Friday, April 9, 2010

The Last Centurion, by John Ringo

The Last CenturionThis book reminds me so much of Heinlein when he was in his prime. Ringo manages to weave some cutting social and political commentary into a great story. This tale doesn't fit into any of Ringo's ongoing sagas, it's a stand-alone, much like Princess of Wands from a few years back.
The action takes place in 2018. The American people have elected a left-leaning female president, Ms. Warrick, in the midst of a war against radical Islam in Iran. The hero of the tale, Bandit Six (we never do learn his real name, just his military code designation), is an Army captain, raised on a large family farm in the Midwest, who gets tasked with a rather "challenging" assignment.
Although the climatologists and the media have been screaming about "global warming" for decades, an astronomer and climate scientist discovers that the Sun is about to go through a period of rapid cooling which will bring temperatures down significantly worldwide over the next decade. To bump this up to the level of a perfect storm, there's an outbreak of the H1N5 bird flu virus in China that turns into a global pandemic in a very short time.
The military is needed at home to help distribute medical supplies and keep order where possible, and so the U.S. immediately begins to pull back most of its troops from all around the world. Though this is a logistical nightmare, it's nothing compared to the effort it would take to bring back all of the vehicles, weapons, ammunition and supplies we've stocked in the conflict zones, so they're all gathered up into huge storage depots and left behind, with a detachment to guard them from the natives. Enter Bandit Six.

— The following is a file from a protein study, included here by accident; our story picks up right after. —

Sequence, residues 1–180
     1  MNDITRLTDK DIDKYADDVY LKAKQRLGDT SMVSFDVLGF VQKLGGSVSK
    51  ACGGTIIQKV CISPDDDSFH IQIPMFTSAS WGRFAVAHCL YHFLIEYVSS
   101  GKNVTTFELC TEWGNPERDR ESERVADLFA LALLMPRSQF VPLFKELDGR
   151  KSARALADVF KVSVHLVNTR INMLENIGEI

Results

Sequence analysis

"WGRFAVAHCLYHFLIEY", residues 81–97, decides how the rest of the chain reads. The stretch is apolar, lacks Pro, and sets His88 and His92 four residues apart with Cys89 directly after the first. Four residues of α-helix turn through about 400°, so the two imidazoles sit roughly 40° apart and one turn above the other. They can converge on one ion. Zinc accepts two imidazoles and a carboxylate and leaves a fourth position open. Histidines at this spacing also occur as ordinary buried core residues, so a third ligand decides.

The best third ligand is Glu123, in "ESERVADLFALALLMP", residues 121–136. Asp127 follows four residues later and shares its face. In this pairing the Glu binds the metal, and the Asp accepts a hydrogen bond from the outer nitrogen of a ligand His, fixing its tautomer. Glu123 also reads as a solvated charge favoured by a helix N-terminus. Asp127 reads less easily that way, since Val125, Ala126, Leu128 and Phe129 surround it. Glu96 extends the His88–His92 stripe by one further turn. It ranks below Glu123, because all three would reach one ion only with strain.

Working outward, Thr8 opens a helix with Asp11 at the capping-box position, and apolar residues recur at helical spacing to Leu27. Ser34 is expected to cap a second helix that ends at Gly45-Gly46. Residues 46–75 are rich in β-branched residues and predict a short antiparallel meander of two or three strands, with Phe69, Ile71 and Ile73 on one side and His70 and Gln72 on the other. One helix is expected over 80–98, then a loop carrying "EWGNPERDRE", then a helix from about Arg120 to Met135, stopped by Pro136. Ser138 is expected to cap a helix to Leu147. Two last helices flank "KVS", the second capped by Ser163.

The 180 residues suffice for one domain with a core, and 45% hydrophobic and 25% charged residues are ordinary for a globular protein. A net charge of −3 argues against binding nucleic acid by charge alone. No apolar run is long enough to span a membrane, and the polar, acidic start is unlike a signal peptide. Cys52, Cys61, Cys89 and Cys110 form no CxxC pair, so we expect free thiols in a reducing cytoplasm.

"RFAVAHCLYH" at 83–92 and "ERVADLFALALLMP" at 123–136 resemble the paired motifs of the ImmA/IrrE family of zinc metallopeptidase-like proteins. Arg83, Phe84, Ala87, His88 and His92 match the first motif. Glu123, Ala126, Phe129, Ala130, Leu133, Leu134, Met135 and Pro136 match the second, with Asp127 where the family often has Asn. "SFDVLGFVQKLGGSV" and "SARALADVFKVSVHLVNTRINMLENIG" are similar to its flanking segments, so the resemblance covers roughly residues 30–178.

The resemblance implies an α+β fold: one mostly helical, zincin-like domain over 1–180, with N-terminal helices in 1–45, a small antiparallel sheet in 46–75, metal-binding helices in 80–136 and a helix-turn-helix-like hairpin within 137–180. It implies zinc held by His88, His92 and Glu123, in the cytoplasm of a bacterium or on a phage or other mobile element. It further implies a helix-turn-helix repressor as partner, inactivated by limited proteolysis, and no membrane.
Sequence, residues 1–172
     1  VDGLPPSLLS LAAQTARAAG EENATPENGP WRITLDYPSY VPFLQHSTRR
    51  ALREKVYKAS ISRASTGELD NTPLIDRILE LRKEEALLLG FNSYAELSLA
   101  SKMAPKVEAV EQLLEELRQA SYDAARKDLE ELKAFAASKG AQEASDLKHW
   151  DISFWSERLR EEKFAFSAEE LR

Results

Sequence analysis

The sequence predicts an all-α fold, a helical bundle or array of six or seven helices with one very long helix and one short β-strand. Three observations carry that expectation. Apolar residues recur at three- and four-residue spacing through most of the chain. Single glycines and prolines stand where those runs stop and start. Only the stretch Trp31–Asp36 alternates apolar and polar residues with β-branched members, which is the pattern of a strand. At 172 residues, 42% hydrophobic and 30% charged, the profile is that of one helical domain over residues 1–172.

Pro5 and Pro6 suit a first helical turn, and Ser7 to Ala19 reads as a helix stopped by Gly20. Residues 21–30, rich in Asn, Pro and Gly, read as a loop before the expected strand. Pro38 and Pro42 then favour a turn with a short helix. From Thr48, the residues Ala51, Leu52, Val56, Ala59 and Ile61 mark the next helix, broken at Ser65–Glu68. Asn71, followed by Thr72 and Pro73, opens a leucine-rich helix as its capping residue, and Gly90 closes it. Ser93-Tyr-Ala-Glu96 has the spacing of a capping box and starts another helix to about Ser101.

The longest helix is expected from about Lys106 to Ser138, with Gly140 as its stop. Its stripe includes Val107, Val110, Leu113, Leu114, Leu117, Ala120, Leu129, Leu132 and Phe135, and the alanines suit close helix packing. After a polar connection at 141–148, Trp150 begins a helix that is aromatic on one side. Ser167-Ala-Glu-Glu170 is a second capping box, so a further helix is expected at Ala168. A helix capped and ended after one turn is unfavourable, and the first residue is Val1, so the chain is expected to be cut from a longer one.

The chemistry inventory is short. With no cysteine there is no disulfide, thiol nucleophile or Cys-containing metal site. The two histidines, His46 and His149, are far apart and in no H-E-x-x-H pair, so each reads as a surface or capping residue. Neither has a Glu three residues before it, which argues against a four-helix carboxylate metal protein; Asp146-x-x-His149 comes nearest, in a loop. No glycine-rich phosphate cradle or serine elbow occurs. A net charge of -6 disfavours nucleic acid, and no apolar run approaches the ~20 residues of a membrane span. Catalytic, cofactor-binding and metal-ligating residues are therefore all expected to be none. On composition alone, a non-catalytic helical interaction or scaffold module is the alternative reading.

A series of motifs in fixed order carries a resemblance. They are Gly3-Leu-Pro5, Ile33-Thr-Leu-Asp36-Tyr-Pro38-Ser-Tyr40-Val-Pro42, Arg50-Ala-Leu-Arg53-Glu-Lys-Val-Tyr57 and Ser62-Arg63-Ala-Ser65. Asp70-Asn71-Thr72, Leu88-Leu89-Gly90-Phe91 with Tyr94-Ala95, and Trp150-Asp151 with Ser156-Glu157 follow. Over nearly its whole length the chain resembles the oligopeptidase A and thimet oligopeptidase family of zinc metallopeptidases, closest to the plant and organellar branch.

He and his men, aided by a detachment of Nepalese, or Nepos, that the British had to leave behind when they pulled out, do their best to defend their mountain of munitions against the various armed factions who keep trying to come take it away, but eventually a force is brought against them that is overwhelming, and they have to blow up the depot and flee the area.
The only place that the Air Force can get a plane into to extract them is an airfield in Turkey, so they have to fight their way across Iraq, link up with Kurdish forces there, and fight their way through Turkey to join up with the faction with whom the State Department  has chosen to work. Ringo has always written some great and reasonably believable military action stories, and this one doesn't disappoint.
Throughout the narration, Bandit Six delivers a soliloquy, a monologue if you will, on so many subjects it's difficult to keep track of them all. He talks about effective industrial farming and ranching techniques and how they compare to organic farming practices. He lectures on solar climate cycles, epidemiology and disaster response, the reality of life under a Caliphate, ancient history of the entire Asia Minor area, societal trust and pioneer barn-raising practices... All of this demonstrates that Ringo is either extremely well-read, or a superb BS'er - maybe a bit of both. As might be expected from a military protagonist's perspective, the slant is pretty conservative, politically speaking.
It's got it all; Sex and War and Rock and Roll. If you're a Ringo fan, or even if you're not, grab a copy!

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